Venezuela has ratcheted up its debt over the past few years, even as the country has been officially cut off from international credit markets and is facing U.S. sanctions.
What's happening: A new debt estimate from the Institute of International Finance finds the country has been issuing a steadily growing pile of debt through state-owned oil company PDVSA and private debt deals with the likes of China and Russia. But the central government also has managed to run up significant debt.
- Venezuela's debt stock rose from around $62 billion in 2007 to nearly $156 billion last year, IIF's economists estimate.
Details: IIF economists tracked debt to exports and found that Venezuela's external debt is about 738% of its exports. That's more than 4 times the average for comparable emerging and frontier markets. It's also more than 200% higher than the level of debt to exports IIF estimated Venezuela carried just 2 years ago.
- The next closest country is Tajikistan, which issued its first ever bond in 2017 for $500 million.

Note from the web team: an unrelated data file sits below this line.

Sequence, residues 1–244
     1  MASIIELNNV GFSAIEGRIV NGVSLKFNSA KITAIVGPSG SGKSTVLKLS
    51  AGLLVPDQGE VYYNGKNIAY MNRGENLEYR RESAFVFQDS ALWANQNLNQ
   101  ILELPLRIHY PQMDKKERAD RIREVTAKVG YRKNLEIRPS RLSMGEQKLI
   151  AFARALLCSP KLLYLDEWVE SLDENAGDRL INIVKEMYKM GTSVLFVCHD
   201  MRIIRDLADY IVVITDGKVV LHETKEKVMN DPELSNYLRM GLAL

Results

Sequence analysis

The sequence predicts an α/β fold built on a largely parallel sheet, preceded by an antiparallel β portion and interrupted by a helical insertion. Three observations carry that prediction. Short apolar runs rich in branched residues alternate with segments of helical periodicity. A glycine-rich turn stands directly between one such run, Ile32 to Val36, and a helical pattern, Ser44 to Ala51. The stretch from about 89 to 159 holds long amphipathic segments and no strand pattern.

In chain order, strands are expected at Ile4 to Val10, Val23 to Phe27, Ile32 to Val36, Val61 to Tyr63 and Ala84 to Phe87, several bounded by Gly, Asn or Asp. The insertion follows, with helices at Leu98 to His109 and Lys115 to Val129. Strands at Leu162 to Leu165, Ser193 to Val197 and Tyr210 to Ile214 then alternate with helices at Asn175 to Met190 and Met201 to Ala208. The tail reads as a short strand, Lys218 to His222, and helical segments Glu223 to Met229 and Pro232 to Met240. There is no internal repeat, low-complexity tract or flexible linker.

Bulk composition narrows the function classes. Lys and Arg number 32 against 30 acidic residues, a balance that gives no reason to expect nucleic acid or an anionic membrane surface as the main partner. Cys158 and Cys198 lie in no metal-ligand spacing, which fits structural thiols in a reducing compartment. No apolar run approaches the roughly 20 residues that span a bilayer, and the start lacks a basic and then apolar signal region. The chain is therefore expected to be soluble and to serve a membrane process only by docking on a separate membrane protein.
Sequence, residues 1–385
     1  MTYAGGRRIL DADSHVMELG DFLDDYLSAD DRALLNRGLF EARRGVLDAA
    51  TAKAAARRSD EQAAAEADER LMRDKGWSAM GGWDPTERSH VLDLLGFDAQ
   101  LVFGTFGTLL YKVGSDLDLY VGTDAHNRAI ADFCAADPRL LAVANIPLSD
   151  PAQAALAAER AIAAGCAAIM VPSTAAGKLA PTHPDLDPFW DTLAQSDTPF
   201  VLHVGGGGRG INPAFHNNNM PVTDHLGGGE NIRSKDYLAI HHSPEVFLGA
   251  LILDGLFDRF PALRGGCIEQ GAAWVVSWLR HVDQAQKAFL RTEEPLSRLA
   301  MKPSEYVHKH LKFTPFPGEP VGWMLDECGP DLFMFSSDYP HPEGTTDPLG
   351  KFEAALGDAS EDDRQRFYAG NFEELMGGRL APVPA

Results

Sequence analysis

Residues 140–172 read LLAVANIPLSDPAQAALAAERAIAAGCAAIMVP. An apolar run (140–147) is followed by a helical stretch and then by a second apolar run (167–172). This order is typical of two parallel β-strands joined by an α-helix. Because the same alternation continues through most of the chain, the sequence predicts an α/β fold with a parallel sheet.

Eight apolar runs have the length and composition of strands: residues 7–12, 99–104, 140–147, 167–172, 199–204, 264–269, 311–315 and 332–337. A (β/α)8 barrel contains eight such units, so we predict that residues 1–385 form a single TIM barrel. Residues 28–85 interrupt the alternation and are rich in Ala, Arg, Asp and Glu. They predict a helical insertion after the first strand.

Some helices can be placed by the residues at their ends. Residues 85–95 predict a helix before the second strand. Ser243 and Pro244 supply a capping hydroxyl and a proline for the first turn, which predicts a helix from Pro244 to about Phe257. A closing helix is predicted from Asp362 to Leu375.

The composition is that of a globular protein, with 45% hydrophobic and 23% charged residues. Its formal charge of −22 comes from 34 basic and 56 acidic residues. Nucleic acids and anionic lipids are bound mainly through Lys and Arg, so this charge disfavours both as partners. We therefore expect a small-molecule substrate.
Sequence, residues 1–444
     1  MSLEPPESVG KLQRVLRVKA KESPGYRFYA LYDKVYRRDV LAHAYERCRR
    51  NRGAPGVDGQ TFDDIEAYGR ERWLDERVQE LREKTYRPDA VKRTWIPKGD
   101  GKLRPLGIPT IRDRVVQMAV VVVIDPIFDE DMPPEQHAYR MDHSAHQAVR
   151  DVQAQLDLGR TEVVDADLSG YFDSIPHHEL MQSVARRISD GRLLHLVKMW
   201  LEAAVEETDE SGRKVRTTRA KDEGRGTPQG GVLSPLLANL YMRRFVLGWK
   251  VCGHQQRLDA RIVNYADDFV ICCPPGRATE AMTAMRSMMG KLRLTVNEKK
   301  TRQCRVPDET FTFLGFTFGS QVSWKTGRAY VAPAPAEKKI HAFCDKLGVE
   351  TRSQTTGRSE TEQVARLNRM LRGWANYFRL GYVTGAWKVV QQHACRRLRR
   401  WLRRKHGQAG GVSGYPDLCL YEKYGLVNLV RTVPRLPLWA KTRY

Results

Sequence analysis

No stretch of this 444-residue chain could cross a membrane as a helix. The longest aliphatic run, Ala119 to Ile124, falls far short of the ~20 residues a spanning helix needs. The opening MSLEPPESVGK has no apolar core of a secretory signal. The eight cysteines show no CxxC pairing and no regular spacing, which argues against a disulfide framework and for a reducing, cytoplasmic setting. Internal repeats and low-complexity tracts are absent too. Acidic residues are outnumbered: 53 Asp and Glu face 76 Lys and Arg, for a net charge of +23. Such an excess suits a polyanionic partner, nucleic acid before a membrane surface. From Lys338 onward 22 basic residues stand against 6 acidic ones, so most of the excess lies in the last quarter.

- Because Venezuela hasn't kept reliable economic data for years and has barred bodies like the IMF and World Bank from conducting their own research, it's not even possible to determine Venezuela's debt to GDP ratio.
On the bright side: Nomura's head of Latin America fixed income strategy, Siobhan Morden, tells Axios she expects that Venezuela will be in much better position to pay off investors once a new government is in place.
- "When bonds are repaid in 10 years or so the ability to repay should be much higher if you assume that they can recover oil production."
Go deeper ... Oil Sanctions: the "tremendous opportunity" in Venezuela